“This performance will begin promptly at 7 p.m. with a duration of approximately 90 minutes,” was the New Museum’s opening line about the performance of kid duo Main Attrakionz on its website. It was written in bold, which denoted that the art institution meant this to be true, and perhaps even more important than all the other unbolded stuff underneath it. In this reviewer’s personal history of hip-hop shows, about 0 percent have actually run on time (Unspoken Rule Of Hip-Hop Shows #3: running two hours behind schedule is acceptable, if not expected). A 7.05 p.m. arrival (it was in bold, after all) into the basement theater’s all white everything, with chairs in neatish rows side by side taking up the entire floor space, silently said, “this is a hip-hop show to be viewed through an art gallery interface.” It was a weird vibe—potentially making for a weird show—but so far, at least it had the makings to be a prompt one.
A brief introduction by a New Museum staff member and awkward round of applause later led to the shuffling of DJ Walkmaster Flex to the back unlit corner of the stage. We sat in our chairs, arms folded, empathizing with his discomfort of having all eyes on him as he played cuts off a computer that was sitting on a much too short (for his tall frame) table on wheels. He was doing what most DJs at any hip-hop show do; warming the atmosphere to make it loose enough for the main attraction/Attrakionz, but the nature of the room and the behavior it dictated made it unsettlingly like we were about to undertake an activity in cultural observation.
Thankfully MondreM.A.N. and Squadda B knew what they were up against and either didn’t give a fuck, or thought that it was funny and decided to go ham anyway to prove a point. “New Museum!” MondreM.A.N. exclaimed intermittently to the seated crowd, as if he was going through the traditional ceremony of a rap show, and at the same time was particularly bemused at where it was taking place. The sincerity of the two Oakland, CA 20-year-olds (it was their first time in New York, they said) was too real for it not to be endearing, and thanks to one superfan—there’s usually at least one in every crowd—people pushed themselves out of their chairs and collectively stood up. Squadda smiled through gold teeth and Mondre pimp-walked around the stage, somehow managing to keep his pants up despite falling below his tush. They performed in a more animated and together manner than what we would expect of blog-rap, falling in and back out of unison when needed, their tone careening from high to low from line to line.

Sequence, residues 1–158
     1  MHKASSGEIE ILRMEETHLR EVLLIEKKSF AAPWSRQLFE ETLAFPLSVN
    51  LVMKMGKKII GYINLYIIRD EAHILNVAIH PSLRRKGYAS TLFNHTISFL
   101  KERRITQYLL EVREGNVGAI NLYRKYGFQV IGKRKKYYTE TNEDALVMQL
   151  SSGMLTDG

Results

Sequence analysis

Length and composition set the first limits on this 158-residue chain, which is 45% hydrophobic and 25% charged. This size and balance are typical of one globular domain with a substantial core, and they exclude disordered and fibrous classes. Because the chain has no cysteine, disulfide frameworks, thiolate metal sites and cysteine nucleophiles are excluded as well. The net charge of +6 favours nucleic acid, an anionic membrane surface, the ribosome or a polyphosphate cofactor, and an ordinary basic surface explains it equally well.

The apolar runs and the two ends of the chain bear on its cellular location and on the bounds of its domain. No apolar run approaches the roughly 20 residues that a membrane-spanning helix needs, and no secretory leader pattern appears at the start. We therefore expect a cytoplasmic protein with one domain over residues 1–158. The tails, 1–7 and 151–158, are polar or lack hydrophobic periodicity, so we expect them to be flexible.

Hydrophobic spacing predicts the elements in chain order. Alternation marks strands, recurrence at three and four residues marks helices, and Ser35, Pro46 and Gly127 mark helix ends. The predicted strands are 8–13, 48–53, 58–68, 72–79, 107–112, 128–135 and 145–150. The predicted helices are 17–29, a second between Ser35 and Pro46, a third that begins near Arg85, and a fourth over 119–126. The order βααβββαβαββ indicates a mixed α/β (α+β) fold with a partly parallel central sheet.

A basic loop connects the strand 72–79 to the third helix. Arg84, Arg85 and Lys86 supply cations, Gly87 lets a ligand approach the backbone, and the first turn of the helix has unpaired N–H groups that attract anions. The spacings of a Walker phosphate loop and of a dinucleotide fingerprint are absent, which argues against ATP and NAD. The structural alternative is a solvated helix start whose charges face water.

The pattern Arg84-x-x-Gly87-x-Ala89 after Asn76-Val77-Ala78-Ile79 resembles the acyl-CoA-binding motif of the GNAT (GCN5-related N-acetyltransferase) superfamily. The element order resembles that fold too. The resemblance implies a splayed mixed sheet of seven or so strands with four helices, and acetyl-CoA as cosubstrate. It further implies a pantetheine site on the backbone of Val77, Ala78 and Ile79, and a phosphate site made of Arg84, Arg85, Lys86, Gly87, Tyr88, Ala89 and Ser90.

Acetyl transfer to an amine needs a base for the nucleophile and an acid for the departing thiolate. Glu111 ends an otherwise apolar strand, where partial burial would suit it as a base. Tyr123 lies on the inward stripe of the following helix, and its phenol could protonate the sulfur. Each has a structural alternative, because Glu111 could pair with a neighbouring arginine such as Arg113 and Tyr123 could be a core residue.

By this stage the show wasn’t about cultural observation; Main Attrakionz had fans there that mouthed lines to their internet-released tracks and appreciated their weird yet wise choice of beats (that has, in part, contributed to them being labeled as ‘experimental rap’ with help of producers like Clams Casino). People began crowding up front, taking out their iPhones and Blackberrys to save a portion of now for later. “I always want more, so I never meet perfection,” Squadda rapped on “Perfect Skies,” as the largely cool bro crowd with a smattering of girls nodded along, appreciating his waxing philosophical.
It was real while Main Attrakionz was on stage, but as soon as Walkmaster Flex cut out on Mondre and Squadda’s last track (a little after the allotted 90 minutes, FYI) and they scampered backstage, the lights came on and everything was white again. We shuffled past chairs in uneven rows to the sound of silence.
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